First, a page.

Town in a Blueberry Jam, Chai Another Day & Candy Cane Murder


Chai Another Day is the 4th installment in the Spice Shop Mystery series.  Pepper Reece finds herself drawn into a murder when she goes for a relaxing massage.  Feeling guilty that the murder occurred so close to where you she was laying, Pepper digs into what happened while still running her spice shop and working on her own budding romance.  An enjoyable cozy read in a good series.

Town in Blueberry Jam is the first in a series set in Cape Willington, Maine.  Candy Holliday has joined her father here to help him run his blueberry farm.  When the local handyman finds himself arrested for murder, Candy is determined to prove his innocence.   A fun introduction to a new-to-me cozy series.

The Candy Cane Murder by Joanne Fluke is book 9.5 in the Hannah Fluke series.  Hannah finds herself trying to find out who killed Santa Claus or rather a cheapskate Department store in a Santa Costume.  Mike and Norman both appear as the duo of love interests, helping or not with her investigation.  A charming Christmas addition to the series.



Deliver Us From Evil, A Glass of Blessings, Roast Mortem, & Think of a Number


Deliver Us From Evil is book 20 in a series which I have read none of.  This was an interesting case involving a woman who dies of hypothermia after being held prisoner somewhere.  Finding her identity raises more questions than answers and leads the detectives all the way to Canada in an attempt to discover what happened.  This was an engaging mystery read.

A Glass of Blessings is a classic from Barbara Pym.  I love her understated humor and her slice of life depictions from the period after the WW II.  This story revolves around a childless wife who fills her empty hours with visiting the local church and the priests who are assigned there.  Barbara Pym writes about the regular occurrences in Wilmet’s life in a thoroughly engaging manner making for a really enjoyable read.

Roast Mortem is book 9 in Cleo Coyle’s Coffeehouse mystery.  This was an exciting installment in this charming series.  A serial arsonist appears to be targeting coffeehouses in New York City.  Clare finds herself drawing the arsonist’s attention and the attention of a fireman who has a beef with Mike, her love interest.  Fun cozy mystery read.

Think of a Number by John Verden is book 1 in the Dave Gurney series.  Dave Gurney is supposed to be retired, but he finds himself dragged into a puzzling situation by a friend he hasn’t seen in years.  The case involves a serial killer who sends puzzling notes to his prospective victims.   This was an okay police procedural.  I am not sure if I will be reading more in this series.







The Bookish Life of Nina Hill, Blown Away, & Wednesday’s Child

The impulse book buy of the week was The Bookish Life of Nina Hill.  I saw it on a table at Barnes and Noble and picked it up without really knowing anything about it other than reading the blurb on the back.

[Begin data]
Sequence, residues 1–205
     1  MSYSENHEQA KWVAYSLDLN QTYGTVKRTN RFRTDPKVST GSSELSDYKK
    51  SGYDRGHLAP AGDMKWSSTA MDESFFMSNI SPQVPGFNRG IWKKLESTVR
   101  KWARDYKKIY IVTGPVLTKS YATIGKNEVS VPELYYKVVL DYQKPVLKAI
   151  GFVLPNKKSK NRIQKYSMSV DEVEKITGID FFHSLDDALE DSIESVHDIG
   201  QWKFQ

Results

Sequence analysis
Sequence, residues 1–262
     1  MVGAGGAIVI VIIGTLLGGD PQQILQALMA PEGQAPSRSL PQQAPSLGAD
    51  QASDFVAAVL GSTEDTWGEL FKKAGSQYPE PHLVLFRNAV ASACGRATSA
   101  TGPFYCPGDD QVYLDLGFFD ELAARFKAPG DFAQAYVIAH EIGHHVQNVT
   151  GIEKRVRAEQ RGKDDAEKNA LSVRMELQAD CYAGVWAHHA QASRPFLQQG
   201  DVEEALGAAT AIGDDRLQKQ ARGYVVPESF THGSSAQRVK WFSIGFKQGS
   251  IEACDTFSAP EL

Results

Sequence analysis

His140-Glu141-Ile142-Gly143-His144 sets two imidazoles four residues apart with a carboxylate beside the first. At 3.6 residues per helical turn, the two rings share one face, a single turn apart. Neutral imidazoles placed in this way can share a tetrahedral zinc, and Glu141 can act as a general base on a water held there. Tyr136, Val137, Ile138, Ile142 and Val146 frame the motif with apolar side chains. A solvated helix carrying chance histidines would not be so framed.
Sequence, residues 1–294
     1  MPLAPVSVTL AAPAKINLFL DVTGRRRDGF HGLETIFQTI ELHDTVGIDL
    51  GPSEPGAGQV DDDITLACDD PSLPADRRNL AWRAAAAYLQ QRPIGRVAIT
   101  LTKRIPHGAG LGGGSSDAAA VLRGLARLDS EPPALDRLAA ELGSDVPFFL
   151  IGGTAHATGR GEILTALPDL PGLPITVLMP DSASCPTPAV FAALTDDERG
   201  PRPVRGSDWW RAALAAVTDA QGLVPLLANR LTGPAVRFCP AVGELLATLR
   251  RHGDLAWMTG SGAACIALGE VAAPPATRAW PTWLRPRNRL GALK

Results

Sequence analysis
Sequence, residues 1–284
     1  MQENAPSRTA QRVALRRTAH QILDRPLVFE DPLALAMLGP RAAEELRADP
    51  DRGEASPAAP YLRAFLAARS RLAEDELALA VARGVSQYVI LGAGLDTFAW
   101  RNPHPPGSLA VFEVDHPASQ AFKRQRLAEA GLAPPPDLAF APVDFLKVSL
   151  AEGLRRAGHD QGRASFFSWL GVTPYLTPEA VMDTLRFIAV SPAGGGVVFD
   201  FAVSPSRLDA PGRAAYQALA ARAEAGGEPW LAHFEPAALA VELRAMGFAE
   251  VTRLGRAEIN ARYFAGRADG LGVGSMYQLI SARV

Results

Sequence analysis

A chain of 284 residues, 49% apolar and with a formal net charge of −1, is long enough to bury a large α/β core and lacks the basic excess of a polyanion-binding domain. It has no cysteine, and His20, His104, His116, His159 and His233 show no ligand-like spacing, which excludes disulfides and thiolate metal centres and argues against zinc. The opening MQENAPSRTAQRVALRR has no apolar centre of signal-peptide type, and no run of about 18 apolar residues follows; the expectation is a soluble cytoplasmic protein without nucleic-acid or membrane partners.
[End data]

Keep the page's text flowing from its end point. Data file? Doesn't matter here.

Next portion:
Nina Hill works in her local neighborhood bookstore and lives a quiet and orderly life of scheduled activities.  She was raised by a nanny hired by her globetrotting semi-celebrity single mother, no brothers, sisters, or clan of aunts, uncles and  cousins.  Her life gets rewritten with the visit from a lawyer representing the estate of her unknown to her father.

This was a funny, touching read with a protagonist to root for as she sorts through her feelings about family  and love. Addresses how issues from childhood follow us in to adulthood. Very enjoyable feel good read!

Blown Away  by Clover Tate is the first in a new cozy mystery series with a theme of kite making.  Emmy has moved in with her best friend in an Oregon coastal town and is opening her very own kite store.  Her kites are a blend of her love of kite flying and her artistic flair honed by an art degree.  Shortly after moving in with Avery, a body is found on the beach by their house.  The body turns out to be Avery’s ex and all eyes turn to Avery as the most likely culprit.  This was a fun cozy with a different theme that I’ve seen before.

Wednesday’s Child by Peter Robinson is the 6th in the Inspector Banks series.  In this installment a child has been taken, supposedly by two social workers, who turn out to be fakes.  The idea of a male and female working together turns DS Gristhorpe’s mind to Moor Murderers, Ian Brady and Myra Hindley and the search for the child turns desperate.  Banks works on the missing child case but also has other bodies turning up along the way and has to determine if they are all connected.  There is a substantial subplot here concerning Banks relationship with his own children.  Very good installment in this series.